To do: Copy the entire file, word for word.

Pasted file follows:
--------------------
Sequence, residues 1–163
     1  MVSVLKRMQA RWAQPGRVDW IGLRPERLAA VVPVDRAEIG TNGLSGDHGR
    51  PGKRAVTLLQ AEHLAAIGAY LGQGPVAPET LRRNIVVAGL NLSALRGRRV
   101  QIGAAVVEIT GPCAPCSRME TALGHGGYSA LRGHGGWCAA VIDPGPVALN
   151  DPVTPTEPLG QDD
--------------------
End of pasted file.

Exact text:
Sequence, residues 1–163
     1  MVSVLKRMQA RWAQPGRVDW IGLRPERLAA VVPVDRAEIG TNGLSGDHGR
    51  PGKRAVTLLQ AEHLAAIGAY LGQGPVAPET LRRNIVVAGL NLSALRGRRV
   101  QIGAAVVEIT GPCAPCSRME TALGHGGYSA LRGHGGWCAA VIDPGPVALN
   151  DPVTPTEPLG QDD